Art Theft: The Many Fascinating and Famous Cases in History



Art theft is an complicated and ancient criminal offense. When you look at the some of the most popular cases of art thefts in history, you see thoroughly planned operations that involve art dealers, art fakers, mobsters, ransoms, and countless dollars. Here you can check out some of the most famous cases of art theft in the history.

The First Theft:
The very first recorded case of art theft remained in 1473, when two panels of altarpiece of the Last Judgment by the Dutch painter Hans Memling were taken. While the triptych was being carried by ship from the Netherlands to Florence, the ship was attacked by pirates who took it to the Gdansk cathedral in Poland. Nowadays, the piece is revealed at the National Museum in Gdansk where it was recently moved from the Basilica of the Presumption.

One Of The Most Famous Theft:
The most famous story of art theft includes among the most popular paintings worldwide and one of the most popular artists in history as a suspect. In the night of August 21, 1911, the Mona Lisa was taken from the Louver. Quickly after, Pablo Picasso was detained and questioned by the police, but was released quickly.

It turned out that the 30 × 21 inch painting was taken by one of the museum workers by the name of Vincenzo Peruggia, who just brought it concealed under his coat. The criminal offense was thoroughly conducted by a well-known con male, Eduardo de Valfierno, who was sent out by an art faker who meant to make copies and sell them as if they were the original painting.

While Yves Chaudron, the art faker, was hectic creating copies for the popular work of art, Mona Lisa was still hidden at Peruggias apartment. After 2 years in which Peruggia did not hear from Chaudron, he aimed to make the finest out of his taken excellent. Ultimately, Peruggia was caught by the cops while aiming to sell the painting to an art dealership from Florence, Italy. The Mona Lisa was gone back to the Louver in 1913.

The Biggest Theft in the USA:
The biggest art theft in United States happened at the Isabella Stewart Gardner Museum. On the night of March 18, 1990, a group of thieves wearing police uniforms burglarized the museum and took thirteen paintings whose collective value was estimated at around 300 million dollars. The burglars took 2 paintings and one print by Rembrandt, and works of Vermeer, Manet, Degas, Govaert Flinck, as well as a French and a Chinese artifact.

As of yet, none of the paintings have been found and the case is still unsolved. According to recent rumors, the FBI are investigating the possibility that the Boston Mob along with French art dealers are linked to the criminal activity.

The Scream:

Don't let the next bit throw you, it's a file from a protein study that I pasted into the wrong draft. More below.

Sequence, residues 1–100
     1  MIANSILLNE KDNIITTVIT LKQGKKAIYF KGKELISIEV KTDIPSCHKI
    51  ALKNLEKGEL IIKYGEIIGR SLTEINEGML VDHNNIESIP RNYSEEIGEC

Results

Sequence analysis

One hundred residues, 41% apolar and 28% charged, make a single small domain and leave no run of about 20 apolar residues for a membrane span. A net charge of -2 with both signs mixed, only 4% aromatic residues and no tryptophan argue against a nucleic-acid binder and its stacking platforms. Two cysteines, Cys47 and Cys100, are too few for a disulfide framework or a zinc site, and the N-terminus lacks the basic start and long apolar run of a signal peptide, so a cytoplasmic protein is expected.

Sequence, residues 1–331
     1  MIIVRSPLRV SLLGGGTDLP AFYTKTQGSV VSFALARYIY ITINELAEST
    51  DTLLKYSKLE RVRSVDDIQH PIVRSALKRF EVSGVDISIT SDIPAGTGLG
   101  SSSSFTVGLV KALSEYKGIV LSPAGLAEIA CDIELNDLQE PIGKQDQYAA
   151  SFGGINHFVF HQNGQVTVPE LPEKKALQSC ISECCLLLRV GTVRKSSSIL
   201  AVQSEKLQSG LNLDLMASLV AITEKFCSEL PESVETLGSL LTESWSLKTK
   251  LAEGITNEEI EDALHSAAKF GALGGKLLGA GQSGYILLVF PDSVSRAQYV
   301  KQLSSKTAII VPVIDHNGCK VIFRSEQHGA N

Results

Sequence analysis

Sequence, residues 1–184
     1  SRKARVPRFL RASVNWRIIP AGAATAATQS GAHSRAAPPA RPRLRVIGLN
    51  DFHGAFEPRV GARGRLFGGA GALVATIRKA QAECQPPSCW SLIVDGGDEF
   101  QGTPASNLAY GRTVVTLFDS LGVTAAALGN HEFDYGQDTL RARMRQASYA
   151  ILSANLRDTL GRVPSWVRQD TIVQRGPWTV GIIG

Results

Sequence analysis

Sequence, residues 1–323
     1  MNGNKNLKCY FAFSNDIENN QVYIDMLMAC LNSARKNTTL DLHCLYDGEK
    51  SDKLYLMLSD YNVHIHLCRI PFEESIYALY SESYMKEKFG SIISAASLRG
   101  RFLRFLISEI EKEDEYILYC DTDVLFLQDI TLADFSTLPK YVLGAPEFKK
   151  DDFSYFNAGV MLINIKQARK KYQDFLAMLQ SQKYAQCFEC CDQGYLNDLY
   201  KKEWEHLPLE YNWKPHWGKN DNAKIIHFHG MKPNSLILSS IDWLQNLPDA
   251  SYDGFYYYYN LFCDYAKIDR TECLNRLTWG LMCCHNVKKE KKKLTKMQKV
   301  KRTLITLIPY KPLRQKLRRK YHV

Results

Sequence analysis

The painting by Edvard Munchs, The Scream, is most likely the most demanded painting by art burglars in history. It has been taken twice and was just just recently recovered. In 1994, during the Winter Season Olympics in Lillehammer, Norway, The Scream was stolen from an Oslo gallery by 2 burglars who broke through an open window, triggered the alarm and left a note stating: thanks for the poor security.

Three months later, the holders of the painting approached the Norwegian Government with an offer: 1 million dollars ransom for Edvard Munchs The Scream. The Government declined the offer, but the Norwegian authorities collaborated with the British Authorities and the Getty Museum to arrange a sting operation that brought back the painting to where it belongs.

10 years later on, The Scream was taken again from the Munch Museum. This time, the robbers used a weapon and took another of Munchs painting with them. While Museum authorities awaiting the thieves to request ransom money, rumors claimed that both paintings were burned to conceal evidence. Ultimately, the Norwegian police https://www.whitepages.com/name/Kurt-Criter/Denver-CO discovered the two paintings on August 31, 2006 but the truths on how they were recovered are not understood yet.


When you look at the some of the most famous cases of art thefts in history, you see completely planned operations that involve art dealerships, art fakers, mobsters, ransoms, and millions of dollars. The most popular story of art theft includes one of https://kurtcriter.wordpress.com/ the most famous paintings in the world and one of the most famous artists in history as a suspect. The criminal offense was thoroughly conducted by a notorious con man, Eduardo de Valfierno, who was sent out by an art faker who planned to make copies and offer them as if they were the original painting.

Ultimately, Peruggia was captured by the police while attempting to offer the painting to an art dealer from Florence, Italy. The painting by Edvard Munchs, The Scream, is most likely the most looked for after painting by art thieves in history.

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